Latino voter numbers to rise 25 percent

latino vote2

WASHINGTON - The number of Latino voters will rise by 25 percent in the 2012 election, to 12.6 million, compared to 2008, and they'll hold the key votes in more states than ever before, a panel of experts on the Latino population predicts.

The panel included Jason Leon of Project New America, a former Western regional political operative for the AFL-CIO. Panelists, speaking at the Center for National Policy, added the Latino electorate, while not monolithic, is focused on three top issues: Jobs and the economy, education and immigration rights.

"Romney and the Republicans have turned off a lot of Latino voters on that" third issue, said David Ferreira of the National Hispanic Caucus of State Legislators. Latinos view anti-immigration views "not as just opposition to immigration, but as views about race," added Brent Wilkes, executive director of the League of United Latin American Citizens. "Four in ten (Latinos) felt personally targeted" recently, another panelist said.

The findings, from a 6,000-person survey of Latinos by Leon's group, are important because Hispanics are the nation's largest and fastest-growing minority group. The 25 percent hike in numbers, the panel says, comes from a combination of legal immigration and citizenship and coming of age of youngsters born in the U.S.

Leon's survey showed Hispanic voter registration is 50 percent Democratic, 21 percent Republican and 26 percent independent, though the proportion of independents is higher among younger Hispanics. But opinion polls show Democratic President Barack Obama has a virtual 3-to-1 lead over GOP nominee Mitt Romney among Hispanics.

Unless Romney can get the percentage up to 35 percent-38 percent, Leon added, he faces a tough road to the White House. Romney's road would be particularly tough, the panel noted, because the Latino vote is branching out from its traditional centers in California, New Mexico, Illinois, New York and Florida. Leon noted, for example, that 2.5 percent of the electorate in both the key swing state of Ohio and in next-door Pennsylvania are Latino.

Most of those voters, especially in Ohio, are of Puerto Rican ancestry, he added, and are concerned about measures to aid "underwater" homeowners - Latinos were hit harder by foreclosures than other groups - and create jobs.

The Latinos also view government as having a positive role in job creation, and "in a bit of good news for my union colleagues, 86 percent back the right to organize and bargain collectively," Leon said. They view that as a pathway to decent jobs.

The panel also called the Republicans extremely shortsighted for not reconsidering their approach to and positions concerning the Latino community. They noted that former GOP President George W. Bush, who had a good working relationship with Latinos as Texas governor, pushed comprehensive immigration reform. He also got more than 40 percent of the Latino vote in 2004.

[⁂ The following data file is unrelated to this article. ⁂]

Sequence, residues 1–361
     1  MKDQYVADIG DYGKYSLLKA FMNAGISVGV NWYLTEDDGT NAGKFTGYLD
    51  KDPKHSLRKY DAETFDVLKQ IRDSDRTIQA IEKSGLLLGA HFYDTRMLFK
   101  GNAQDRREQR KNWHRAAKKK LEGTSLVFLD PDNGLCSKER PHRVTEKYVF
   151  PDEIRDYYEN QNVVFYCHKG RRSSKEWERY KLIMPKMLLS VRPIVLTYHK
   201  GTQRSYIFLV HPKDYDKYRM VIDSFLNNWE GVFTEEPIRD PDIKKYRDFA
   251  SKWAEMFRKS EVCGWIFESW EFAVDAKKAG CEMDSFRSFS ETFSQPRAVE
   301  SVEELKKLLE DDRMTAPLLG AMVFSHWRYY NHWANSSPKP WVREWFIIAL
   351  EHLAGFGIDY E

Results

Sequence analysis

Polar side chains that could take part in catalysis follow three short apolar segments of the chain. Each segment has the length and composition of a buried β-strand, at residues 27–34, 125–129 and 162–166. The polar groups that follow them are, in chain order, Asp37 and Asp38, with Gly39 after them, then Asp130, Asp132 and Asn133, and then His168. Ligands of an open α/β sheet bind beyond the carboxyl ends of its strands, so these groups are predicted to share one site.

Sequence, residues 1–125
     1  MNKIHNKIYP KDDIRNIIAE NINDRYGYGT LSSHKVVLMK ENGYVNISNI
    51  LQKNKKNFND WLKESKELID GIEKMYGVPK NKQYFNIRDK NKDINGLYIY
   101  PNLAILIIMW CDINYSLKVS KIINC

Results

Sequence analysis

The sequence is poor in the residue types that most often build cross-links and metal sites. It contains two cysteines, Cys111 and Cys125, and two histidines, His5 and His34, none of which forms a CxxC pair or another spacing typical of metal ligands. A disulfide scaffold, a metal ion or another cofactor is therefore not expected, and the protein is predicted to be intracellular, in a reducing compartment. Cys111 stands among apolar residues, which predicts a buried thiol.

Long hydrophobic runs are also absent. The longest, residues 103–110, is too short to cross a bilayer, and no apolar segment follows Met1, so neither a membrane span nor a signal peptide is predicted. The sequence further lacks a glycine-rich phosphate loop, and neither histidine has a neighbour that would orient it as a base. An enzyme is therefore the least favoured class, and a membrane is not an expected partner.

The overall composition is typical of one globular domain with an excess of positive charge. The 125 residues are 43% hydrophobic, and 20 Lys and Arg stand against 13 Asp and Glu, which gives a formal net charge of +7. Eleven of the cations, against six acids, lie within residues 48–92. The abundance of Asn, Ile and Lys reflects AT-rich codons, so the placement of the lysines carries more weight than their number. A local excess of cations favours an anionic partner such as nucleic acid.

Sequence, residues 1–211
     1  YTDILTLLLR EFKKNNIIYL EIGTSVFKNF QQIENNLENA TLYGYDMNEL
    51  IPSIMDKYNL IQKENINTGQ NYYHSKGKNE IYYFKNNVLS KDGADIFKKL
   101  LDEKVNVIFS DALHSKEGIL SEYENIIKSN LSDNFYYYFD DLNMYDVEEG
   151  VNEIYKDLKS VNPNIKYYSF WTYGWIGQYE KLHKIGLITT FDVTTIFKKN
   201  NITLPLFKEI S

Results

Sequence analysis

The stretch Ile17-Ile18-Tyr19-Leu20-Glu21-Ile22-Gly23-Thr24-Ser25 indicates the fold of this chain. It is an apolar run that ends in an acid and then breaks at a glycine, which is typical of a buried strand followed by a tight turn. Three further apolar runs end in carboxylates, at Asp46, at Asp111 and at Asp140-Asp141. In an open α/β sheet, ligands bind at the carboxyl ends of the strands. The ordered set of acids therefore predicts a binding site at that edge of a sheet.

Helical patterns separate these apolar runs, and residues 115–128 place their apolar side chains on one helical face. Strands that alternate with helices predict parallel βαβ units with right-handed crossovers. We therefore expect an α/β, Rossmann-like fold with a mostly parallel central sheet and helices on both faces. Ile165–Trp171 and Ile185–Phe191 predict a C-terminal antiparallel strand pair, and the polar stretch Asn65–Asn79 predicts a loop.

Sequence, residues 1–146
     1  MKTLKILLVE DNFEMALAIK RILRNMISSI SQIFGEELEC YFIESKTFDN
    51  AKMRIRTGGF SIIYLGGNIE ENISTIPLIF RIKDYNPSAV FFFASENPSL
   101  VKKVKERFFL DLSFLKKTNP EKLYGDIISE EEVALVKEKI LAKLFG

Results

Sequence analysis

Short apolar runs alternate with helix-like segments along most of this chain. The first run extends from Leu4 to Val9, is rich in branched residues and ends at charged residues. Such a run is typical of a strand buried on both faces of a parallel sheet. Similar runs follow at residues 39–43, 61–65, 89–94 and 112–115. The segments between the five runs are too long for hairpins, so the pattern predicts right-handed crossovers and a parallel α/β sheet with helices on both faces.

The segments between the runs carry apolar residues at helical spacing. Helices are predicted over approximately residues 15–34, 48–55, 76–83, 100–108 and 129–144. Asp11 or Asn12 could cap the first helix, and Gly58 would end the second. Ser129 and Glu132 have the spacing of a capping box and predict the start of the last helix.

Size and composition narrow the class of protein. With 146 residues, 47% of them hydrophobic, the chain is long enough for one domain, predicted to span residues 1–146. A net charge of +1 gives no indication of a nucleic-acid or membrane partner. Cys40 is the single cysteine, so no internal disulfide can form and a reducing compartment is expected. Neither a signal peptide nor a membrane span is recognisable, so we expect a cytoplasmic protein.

Bush's immigration reform plan, crafted with a bipartisan coalition that included the late Sen. Edward M. Kennedy, D-Mass., died in a GOP Senate filibuster. Latinos remember that, the panel said. "Bush had the right strategy, but Romney hasn't gotten the message," Wilkes said. Romney took a hard anti-immigrant line in GOP primaries.

But Democrats and Obama cannot take the Latino vote for granted, the panel advised. Some 35 percent of Latinos, a plurality, call themselves as socially conservative," with almost an equal share calling themselves moderates, Leon's survey says. And the top Hispanic newscaster in the U.S. has constantly criticized Obama for breaking his 2008 promise to push comprehensive immigration reform.

And at least one more GOP Latino, from Texas, will be in the U.S. Senate next year. A Democratic Latino has a 50-50 shot at an open GOP-held Senate seat from Arizona, the panel said.

The one problem on the horizon is voter suppression efforts, many of them aimed at Latinos, the panelists added. Their groups are being pro-active in already holding state officials' feet to the fire to ensure fairness at the polls. In the latest example, they sat down with Arizona's Secretary of State to demand correction of two state mailers, in Spanish, with the wrong date - Nov. 8 - for Election Day.

The mailers were distributed in Maricopa County (Phoenix).

Hispanic groups are also encouraging Latino voters to cast ballots wherever early voting is allowed. That will allow time for challenges to residency and voting status to be resolved before Nov. 6. "And the whole controversy over voter ID appears to have backfired" on its GOP backers, one panelist said. It raised the issue's visibility so much that more Latinos than ever rushed to register - and make sure they were.

Other evidence of the spreading influence of Latino voters includes:

Latinos are a growing bloc in Connecticut, which has an unexpectedly tight U.S. Senate race in a heavily Democratic state. Hartford, the state capital, is 40 Latino, Ferreira said.

There are more than 200 Latino state legislators nationwide, with other Latinos stepping up civic participation by seeking lower-level elected office.

Photo: Americas Voice online

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